LoopMaker Animated GIFs on iPhone; What’s Your Favorite Mobile Video Loop Maker?

This is Loopcam from Loopcam on Vimeo. Having looked earlier this week at the historical saga and artistic development of the animated GIF, here’s one mobile app for iPhone that lets you easily create these on the go. (Some readers will translate that as a “grab a lot of footage for your next VJ set” tool for your pocket.) LOOPC.AM is a free iPhone app, a Berlin-based startup produced by Stockholm-born developer Tor Rauden K√§lligsten. It’s amusing watching the dot-com scene’s take on this sort of thing. To us, the need for animated GIF tools is self-evident. To those whose …


Touch iOS Music in a New Way: Hands-on with Cantor for Users, Inside Details for Developers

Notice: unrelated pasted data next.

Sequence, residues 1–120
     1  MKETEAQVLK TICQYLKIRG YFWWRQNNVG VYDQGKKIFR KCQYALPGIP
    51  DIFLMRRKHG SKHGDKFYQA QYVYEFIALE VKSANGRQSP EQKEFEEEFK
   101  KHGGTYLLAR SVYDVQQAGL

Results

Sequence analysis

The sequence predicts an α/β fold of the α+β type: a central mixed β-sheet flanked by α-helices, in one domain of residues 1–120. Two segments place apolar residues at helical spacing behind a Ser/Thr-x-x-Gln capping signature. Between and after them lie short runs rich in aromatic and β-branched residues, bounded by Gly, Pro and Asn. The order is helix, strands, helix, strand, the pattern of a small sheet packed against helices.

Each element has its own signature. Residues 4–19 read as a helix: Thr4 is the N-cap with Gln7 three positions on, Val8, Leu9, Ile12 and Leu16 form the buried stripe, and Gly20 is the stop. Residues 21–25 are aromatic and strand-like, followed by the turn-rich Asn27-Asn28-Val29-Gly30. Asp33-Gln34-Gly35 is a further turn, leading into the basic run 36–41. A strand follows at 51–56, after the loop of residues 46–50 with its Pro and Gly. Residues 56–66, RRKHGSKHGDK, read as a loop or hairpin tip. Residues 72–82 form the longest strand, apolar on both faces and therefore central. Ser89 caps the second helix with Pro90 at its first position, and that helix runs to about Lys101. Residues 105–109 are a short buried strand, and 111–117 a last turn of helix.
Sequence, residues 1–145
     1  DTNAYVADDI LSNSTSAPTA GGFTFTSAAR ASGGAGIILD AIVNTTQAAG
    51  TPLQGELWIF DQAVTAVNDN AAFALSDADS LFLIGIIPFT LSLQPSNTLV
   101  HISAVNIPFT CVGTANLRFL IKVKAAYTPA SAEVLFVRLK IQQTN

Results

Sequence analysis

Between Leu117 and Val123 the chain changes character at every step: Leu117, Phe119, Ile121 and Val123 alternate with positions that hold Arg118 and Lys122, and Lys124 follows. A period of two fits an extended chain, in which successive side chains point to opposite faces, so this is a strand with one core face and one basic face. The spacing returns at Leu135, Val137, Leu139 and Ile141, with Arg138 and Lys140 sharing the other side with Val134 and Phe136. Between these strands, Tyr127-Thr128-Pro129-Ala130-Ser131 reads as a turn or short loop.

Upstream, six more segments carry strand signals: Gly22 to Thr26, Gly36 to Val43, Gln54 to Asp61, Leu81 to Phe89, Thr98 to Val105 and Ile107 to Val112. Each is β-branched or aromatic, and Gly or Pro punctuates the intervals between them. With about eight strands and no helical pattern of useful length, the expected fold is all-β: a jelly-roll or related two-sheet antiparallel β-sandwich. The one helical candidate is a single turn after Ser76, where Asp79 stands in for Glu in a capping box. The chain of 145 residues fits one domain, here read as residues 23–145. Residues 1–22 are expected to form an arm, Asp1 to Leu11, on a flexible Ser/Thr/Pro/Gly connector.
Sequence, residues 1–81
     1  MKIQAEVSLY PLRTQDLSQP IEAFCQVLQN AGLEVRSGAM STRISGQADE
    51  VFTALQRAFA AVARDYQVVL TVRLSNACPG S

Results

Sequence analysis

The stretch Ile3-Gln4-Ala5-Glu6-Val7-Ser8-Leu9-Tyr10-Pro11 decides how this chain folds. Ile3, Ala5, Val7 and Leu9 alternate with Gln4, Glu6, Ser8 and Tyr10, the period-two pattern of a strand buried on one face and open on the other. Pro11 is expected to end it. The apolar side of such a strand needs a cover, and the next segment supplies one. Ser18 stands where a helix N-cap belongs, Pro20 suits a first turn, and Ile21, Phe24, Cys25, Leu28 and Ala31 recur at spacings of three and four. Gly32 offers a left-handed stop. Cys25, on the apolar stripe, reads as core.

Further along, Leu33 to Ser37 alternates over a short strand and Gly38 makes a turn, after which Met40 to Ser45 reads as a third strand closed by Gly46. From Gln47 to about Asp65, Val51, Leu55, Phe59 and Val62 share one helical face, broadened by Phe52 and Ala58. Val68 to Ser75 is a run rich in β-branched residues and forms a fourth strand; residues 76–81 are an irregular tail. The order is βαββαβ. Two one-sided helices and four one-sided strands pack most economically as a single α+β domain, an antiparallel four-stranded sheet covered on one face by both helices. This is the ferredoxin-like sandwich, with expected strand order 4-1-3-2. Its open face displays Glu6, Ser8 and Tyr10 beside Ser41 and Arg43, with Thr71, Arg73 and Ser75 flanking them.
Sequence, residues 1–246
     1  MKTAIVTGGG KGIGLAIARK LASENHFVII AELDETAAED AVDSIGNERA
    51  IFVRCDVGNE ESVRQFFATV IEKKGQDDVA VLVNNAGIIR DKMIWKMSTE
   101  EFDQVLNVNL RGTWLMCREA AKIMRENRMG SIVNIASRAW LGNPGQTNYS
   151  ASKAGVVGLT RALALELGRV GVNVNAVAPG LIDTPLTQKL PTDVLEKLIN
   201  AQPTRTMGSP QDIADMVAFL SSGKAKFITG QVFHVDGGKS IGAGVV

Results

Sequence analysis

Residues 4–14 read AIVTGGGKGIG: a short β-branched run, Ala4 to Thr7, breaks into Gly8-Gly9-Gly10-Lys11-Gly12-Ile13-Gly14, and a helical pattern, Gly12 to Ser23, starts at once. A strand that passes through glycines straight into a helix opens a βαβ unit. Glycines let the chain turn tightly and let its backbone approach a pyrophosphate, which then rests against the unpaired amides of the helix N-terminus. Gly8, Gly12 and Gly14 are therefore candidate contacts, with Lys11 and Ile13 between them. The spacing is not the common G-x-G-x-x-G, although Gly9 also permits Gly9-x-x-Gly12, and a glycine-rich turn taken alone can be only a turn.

Don’t fret. An iPad can open up new ways of touching musical ideas. What if you could touch sound more directly, using sophisticated sensing to play between most common notes – even with hundreds of levels of microtonal pitch? Cantor lets you do just that – and it’s here now, proving that Apple will indeed allow the use of a little-known API for sensing finger area. (Hey, Apple: please, please keep this around, as it’s essential to making the iPad more expressive.) It’s an important development, and it’s real and something you can use right now, today. So, we provide …


Thicket for iOS Thickens; Artists Describe the Growth of an Audiovisual Playground

By the 1990s, the notion that computer software could be a means of delivering interactive digital art more personally was enjoying a Renaissance. This was the age of the Voyager CD-ROM, which catered to new multimedia PCs and Macs with titles from the likes of Laurie Anderson and Morton Subotnick, the decade in which Brian Eno released Generative Music as software and Monolake – before Ableton – included a Max/MSP patch with an album. But the reach of these experiments was doomed to be relatively limited. Now, of course, things are different. First, we saw some widely-available audiovisual toys, coinciding …


How to Make a Music App for iOS, Free, with libpd: Exclusive Book Excerpt